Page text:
Duncan Mountford


Eight sculptures, each having an internal video screen visible via a set of mirrors and a lens. The screens were connected in twos to a dvd player, and displayed a single channel video of imagery shot in Tokyo, and with an audio track of ambient sounds from Japan. The dvd players meant that the sounds moved in and out of phase. The electric conduit connecting the sculptures was also part of the work.
The work was installed in an abandoned police station, and dealt with different views of a city, a critique of my Western-specific view of Japan. The lenses and the mirrors are a metaphor for the manner in which the experience of place is bounded by preconceptions and not seeing the wider perspective.
Dimensions are for each sculpture.


Dimensions : 120 cm x 30 cm x 50 cm (Height, Width, Depth)
Year : 2009
Material : Wood, Metal, Video, Glass, Installation
Style : contemporary, poetic, political

Duncan Mountford

There are two broad themes central to my work. The first is a method of work that draws on contemporary theories of installation, museum display, and architecture (both real and imagined). The basic tenet of the concept of installation, that art works always exist in a relationship and dialogue with site and the viewer, is crucial to my practice, and provides the driving force behind the design of the work. I embrace ideas of theatricality and narrative, and see the works as nodal points in a network of ideas. The underlying ideas, the second theme of my working practice, cover a range that includes the philosophies of science and knowledge, memory, the manner in which architecture and objects produce narratives. Multiple sources connect to this main framework, from science-fiction films, tv, and narratives, to contemporary literature, poetry, and music from the medieval to the contemporary. Scientific ideas from many fields are an important resource, and form a context for the work rather than being illustrated or used as documentary material. The work is accessible, open to interpretation, and laced with a degree of humour.

also interesting:

Ghost Library
At the back of the gallery space, atop a 200cm high wall, is an empty library. Occasionally the lights behind the doors flicker on, as if someone is passing unseen in unknown corridors. The only light aside from this comes from the two fire exit signs, that cast a grenn glow over the abandoned space. There is no access to this library, its knowledge is forgotten.
Duncan Mountford, Installation, Mixed Media
The Office of Arcana
An installation of six corridors, at the end of each corridor can be seen a further space visible through the window of a closed door. These further spaces are interiors of abandonment, littered with the ruins of activities. (Dimensions given below are for each individual model interior, as the layout of the corridors depends on exhibition space. This work is being developed with further interiors relating to the overall themes) The model interiors are based on a specific series of themes that tie the rooms together into an interrelating series of concepts. These concepts relate to speculative histories of the contemporary connections between the magical occult and the development of autonomous fighting vehicles (drones for example). Initially these seemingly unrelated épistemes were chosen for lecture that dealt with producing false knowledge, but research has uncovered connections, especially with regard to the cultural (in the widest sense) meanings of weapons (the tank as a demonstration of power) and the nature in which such machines are regarded as operating away from human agency. It is the intention that images of the model interiors, associated drawings, texts, etc., will form the basis for an artist’s publication at a later juncture. A second set of ideas reference (UK) science-fiction television programmes, and science-fiction films, of the 1960’s and 1970’s (the artist’s formative years). The main theme is that of hauntology, the ruins of a future that did not take place. Overlaid over this are indications that industrial/financial philosophy that once seemed central to globalization also contained the seeds of its own destruction. Formally these model interiors also refer to museum dioramas, puppet theatres, (and to narrative sculptures to be found in European sacred spaces). There is equally the influence of the numerous abandoned industrial and military buildings to found in Taiwan, spaces that exert a fascination as fragments of unknown narratives. The model interiors thus map elements of autobiography, with memories of the UK interweaving with current experiences of Taiwan.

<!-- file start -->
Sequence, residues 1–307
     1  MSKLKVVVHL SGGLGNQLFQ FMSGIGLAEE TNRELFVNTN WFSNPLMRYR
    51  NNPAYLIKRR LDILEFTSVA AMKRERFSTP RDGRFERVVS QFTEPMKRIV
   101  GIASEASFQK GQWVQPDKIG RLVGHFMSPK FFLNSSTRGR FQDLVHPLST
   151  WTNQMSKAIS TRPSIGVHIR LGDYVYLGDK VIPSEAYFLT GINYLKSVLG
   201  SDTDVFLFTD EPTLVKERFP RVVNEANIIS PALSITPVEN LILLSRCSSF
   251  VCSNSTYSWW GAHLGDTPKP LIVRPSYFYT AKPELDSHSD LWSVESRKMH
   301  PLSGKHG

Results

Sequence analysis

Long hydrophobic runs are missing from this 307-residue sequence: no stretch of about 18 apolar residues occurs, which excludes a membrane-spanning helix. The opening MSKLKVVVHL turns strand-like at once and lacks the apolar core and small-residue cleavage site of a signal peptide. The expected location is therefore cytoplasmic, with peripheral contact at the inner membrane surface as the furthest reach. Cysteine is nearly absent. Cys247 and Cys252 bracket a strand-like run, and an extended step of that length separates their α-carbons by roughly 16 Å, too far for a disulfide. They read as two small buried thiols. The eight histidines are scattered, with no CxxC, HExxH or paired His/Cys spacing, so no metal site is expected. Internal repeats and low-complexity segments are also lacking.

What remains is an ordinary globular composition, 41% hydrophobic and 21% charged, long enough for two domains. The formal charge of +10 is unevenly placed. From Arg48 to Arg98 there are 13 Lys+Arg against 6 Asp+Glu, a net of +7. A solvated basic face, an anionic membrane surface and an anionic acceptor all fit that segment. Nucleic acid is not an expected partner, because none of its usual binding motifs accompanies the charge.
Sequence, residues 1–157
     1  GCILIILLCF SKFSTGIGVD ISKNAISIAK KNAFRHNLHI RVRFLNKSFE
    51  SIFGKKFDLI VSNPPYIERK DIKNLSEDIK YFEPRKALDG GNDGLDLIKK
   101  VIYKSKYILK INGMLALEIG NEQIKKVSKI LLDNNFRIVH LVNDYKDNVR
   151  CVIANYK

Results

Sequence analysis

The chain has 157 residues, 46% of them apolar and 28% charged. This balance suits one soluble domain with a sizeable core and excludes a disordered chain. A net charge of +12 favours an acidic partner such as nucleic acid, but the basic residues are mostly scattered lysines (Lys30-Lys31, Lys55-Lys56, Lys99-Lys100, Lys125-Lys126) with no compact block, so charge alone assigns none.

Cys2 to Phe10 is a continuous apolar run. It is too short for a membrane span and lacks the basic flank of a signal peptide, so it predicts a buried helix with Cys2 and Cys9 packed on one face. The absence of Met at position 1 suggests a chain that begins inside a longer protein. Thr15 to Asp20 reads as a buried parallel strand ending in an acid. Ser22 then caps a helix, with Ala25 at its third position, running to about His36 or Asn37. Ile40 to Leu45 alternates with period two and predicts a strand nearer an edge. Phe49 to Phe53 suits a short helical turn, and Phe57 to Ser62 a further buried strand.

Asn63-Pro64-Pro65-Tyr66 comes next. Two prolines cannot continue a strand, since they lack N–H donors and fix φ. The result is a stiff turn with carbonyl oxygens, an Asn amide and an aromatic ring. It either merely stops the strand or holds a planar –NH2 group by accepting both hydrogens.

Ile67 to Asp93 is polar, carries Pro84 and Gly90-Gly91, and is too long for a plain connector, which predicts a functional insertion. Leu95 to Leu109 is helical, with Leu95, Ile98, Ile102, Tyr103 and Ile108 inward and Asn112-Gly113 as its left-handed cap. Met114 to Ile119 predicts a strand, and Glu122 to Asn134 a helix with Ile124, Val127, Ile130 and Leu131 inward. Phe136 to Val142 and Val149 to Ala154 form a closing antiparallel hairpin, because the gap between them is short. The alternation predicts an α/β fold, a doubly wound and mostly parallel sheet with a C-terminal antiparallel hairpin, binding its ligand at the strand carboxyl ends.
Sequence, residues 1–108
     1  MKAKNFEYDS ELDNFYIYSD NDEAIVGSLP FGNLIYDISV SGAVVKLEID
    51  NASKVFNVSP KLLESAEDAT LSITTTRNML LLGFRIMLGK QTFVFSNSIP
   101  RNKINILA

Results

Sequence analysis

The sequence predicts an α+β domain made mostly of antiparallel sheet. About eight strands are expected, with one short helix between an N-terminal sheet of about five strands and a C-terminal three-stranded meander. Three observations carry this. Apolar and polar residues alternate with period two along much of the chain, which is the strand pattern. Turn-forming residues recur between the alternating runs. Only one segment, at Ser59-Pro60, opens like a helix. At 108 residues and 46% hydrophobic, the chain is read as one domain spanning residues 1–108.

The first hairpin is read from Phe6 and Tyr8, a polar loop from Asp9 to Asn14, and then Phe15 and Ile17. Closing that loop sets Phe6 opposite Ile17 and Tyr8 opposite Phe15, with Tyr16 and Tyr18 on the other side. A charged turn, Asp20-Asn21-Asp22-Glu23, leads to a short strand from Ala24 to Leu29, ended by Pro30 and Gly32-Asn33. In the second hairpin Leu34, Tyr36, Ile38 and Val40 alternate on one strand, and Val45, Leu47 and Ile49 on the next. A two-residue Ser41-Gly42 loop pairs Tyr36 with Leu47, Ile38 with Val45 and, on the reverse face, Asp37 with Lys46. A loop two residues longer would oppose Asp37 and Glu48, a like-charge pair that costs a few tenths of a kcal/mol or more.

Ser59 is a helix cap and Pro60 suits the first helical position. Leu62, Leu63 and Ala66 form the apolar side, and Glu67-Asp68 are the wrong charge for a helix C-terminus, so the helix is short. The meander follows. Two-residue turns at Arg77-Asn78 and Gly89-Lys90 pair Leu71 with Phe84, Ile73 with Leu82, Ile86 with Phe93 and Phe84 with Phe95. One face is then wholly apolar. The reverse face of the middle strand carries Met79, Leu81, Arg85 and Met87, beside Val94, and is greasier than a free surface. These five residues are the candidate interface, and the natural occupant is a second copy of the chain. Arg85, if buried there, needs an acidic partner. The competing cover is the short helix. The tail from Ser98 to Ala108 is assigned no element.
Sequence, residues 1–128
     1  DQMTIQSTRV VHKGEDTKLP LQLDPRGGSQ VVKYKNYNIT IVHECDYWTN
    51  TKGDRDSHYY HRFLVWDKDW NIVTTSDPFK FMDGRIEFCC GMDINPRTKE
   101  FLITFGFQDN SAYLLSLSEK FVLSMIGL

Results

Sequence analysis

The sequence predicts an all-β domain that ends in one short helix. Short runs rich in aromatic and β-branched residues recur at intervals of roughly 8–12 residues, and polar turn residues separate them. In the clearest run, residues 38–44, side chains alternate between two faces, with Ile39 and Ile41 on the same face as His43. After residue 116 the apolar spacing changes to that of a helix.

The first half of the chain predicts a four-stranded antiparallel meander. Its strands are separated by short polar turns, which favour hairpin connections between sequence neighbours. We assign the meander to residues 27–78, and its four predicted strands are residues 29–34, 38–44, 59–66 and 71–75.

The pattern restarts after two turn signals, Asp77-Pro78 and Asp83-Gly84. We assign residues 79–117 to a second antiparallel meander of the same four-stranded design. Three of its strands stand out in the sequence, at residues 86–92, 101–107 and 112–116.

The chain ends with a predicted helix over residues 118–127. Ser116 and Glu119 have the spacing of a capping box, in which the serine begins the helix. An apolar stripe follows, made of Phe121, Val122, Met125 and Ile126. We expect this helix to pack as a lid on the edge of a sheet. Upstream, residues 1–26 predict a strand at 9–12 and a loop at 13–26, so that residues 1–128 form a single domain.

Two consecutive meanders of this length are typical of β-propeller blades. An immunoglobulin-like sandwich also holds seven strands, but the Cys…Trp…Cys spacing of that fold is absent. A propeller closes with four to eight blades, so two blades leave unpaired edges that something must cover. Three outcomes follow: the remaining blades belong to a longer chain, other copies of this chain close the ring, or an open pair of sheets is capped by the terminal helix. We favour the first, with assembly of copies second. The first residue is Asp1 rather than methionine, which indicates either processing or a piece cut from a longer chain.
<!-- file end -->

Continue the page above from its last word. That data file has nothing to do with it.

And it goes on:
Duncan Mountford, Installation, Light
Embassy comprised two structures, each with a flag, brass sign, lights, and sound; based on official buildings (Embassies). Each ‘building’ had four floodlights producing an area of illumination, and a speaker broadcasting a montage of speech and sound. A further flag and brass sign was affixed to an abandoned coastal machine gun emplacement, the third ‘embassy’ The brass signs name places that existed 175 million years ago: empires and politics are fleeting compared to geological time. The work was a satire on the ambitions of humankind, a reflection on the global threats that make ideas of empires ridiculous. There is also a joke at China’s view of Taiwan. The Embassies are in Taiwan, and not in China; therefore China does not exist. Dimensions are for each structure. The drawings are for the various versions of the proposed idea.
Duncan Mountford, Installation, Wood
Space Station (Station 3)